Operators, Occupants, Pedestrians, Cyclists-Excluding Witnesses
Note to Web Crash users: In the web application, some Operator information in the above table is automatically populated from page 1. The remaining Occupants of a vehicle and Pedestrians and Cyclists will be entered on a separate page/table from the Operators.
94. Name - Enter the complete name of the occupant (operator or passenger) of the vehicle or the involved person. (In the web application, the Operator name(s) will automatically populate from page 1 information.)
95. Vehicle Number - Enter the vehicle number in which the person named above was seated. If a pedestrian or bicyclist was injured leave this box blank. (In the web application, the Vehicle Number for Operators will automatically populate from page 1 information.)
96. Type - Enter the type of the person’s involvement based upon the codes type found at the bottom of Page 3. Number 2 refers to any occupant in the vehicle other than the operator. (In the web application, the person Type for Operators will automatically populate from page 1 information.)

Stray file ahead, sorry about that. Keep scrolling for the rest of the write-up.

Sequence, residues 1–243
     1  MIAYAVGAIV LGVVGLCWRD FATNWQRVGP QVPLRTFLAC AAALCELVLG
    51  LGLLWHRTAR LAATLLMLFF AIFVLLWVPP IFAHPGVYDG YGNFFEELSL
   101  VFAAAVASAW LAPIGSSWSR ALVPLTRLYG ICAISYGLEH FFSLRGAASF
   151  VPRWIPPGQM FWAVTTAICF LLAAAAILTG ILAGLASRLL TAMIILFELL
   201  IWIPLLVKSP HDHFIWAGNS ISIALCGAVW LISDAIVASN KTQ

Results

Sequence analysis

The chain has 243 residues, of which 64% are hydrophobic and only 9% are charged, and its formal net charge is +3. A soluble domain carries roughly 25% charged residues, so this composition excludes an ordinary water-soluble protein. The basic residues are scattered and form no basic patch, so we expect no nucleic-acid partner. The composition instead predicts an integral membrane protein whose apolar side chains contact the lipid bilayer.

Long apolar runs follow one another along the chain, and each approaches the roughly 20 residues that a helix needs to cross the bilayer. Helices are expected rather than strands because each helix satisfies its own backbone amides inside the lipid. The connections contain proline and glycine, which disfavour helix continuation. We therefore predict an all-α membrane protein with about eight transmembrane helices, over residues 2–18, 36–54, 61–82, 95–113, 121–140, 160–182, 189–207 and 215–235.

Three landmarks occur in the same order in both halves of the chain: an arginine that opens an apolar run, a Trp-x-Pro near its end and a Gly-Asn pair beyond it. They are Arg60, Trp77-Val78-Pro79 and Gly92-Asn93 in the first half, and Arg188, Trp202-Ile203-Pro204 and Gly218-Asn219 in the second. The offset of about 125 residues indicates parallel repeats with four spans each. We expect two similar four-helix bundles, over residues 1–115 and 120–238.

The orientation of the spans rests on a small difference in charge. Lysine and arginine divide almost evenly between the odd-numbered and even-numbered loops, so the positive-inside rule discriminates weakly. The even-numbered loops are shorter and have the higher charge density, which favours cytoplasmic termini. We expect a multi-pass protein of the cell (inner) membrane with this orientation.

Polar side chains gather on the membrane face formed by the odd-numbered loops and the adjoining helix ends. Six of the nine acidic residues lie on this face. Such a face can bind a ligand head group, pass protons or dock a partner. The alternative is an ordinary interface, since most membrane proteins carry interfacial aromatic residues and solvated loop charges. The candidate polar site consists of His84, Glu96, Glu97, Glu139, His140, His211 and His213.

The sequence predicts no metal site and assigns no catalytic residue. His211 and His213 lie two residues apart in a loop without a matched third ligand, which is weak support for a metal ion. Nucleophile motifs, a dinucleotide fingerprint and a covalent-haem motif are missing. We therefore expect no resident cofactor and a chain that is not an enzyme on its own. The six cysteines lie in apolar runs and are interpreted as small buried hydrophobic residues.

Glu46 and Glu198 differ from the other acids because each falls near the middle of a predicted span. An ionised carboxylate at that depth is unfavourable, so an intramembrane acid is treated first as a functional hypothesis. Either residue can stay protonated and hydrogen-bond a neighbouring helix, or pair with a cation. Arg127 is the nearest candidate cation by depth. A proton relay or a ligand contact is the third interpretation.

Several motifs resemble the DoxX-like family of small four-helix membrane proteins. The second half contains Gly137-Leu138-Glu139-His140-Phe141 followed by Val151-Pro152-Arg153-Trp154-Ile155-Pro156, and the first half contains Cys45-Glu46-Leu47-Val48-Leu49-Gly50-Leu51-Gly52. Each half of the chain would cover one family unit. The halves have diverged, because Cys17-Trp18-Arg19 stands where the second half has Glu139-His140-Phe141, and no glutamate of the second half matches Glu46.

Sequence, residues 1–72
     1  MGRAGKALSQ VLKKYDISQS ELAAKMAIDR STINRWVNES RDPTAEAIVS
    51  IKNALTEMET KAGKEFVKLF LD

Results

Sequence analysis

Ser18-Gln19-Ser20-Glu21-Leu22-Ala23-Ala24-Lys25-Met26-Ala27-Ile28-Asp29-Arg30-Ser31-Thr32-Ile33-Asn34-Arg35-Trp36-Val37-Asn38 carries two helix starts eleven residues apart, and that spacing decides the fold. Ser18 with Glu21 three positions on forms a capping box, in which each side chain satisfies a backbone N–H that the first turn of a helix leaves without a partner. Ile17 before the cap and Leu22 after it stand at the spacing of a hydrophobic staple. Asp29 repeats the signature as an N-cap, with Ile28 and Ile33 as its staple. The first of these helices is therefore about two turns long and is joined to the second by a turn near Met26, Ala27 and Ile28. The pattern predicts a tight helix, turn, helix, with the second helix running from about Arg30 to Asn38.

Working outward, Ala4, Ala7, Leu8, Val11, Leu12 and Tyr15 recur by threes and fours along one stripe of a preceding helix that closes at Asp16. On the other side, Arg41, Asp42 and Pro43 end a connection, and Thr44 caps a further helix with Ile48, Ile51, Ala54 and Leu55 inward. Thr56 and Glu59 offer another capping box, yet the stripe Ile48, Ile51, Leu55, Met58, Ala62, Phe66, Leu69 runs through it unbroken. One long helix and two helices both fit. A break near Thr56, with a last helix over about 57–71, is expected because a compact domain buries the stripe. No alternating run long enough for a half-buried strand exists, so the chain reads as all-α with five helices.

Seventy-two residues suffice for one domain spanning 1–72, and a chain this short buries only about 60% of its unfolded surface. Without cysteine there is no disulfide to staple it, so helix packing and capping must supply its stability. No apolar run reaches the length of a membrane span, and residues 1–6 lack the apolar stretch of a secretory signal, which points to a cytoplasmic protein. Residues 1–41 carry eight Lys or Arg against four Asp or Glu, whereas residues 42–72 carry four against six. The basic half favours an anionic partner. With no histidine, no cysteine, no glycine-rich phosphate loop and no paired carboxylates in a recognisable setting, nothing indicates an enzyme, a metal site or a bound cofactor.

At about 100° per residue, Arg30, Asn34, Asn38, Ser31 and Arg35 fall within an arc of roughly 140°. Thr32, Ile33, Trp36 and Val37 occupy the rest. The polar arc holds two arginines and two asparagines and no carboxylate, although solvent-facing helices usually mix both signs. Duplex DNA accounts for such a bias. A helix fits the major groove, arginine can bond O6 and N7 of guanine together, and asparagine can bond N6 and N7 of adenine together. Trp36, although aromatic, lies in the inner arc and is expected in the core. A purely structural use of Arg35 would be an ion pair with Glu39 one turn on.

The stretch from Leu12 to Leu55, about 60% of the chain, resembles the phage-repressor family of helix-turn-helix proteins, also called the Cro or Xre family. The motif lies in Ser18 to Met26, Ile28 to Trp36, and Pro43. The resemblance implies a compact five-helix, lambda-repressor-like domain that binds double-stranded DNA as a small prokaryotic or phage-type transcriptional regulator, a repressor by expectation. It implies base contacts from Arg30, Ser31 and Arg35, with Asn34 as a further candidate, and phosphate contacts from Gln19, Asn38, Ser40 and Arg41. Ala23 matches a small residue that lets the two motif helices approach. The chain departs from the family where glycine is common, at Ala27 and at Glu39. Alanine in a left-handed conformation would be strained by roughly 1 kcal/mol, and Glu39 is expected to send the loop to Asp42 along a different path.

97. Sex - Enter “M” for male, “F” for female or “U” if unknown. (In the web application, the Sex information for the vehicle Operators will automatically populate from page 1 information.)
98. Age - Enter the age of the involved person in terms of years. Persons less than one year old should be entered as “x.x". Example: a child that is 6 months old is entered as 0.5. A child that is 7 months old is entered as 0.6. (7 / 12 = 0.6.)
(In Web Crash, the person Age for Operators will automatically populate from page 1 information. Also, if age is unknown for other occupants, pedestrians, or cyclists, code as 999.)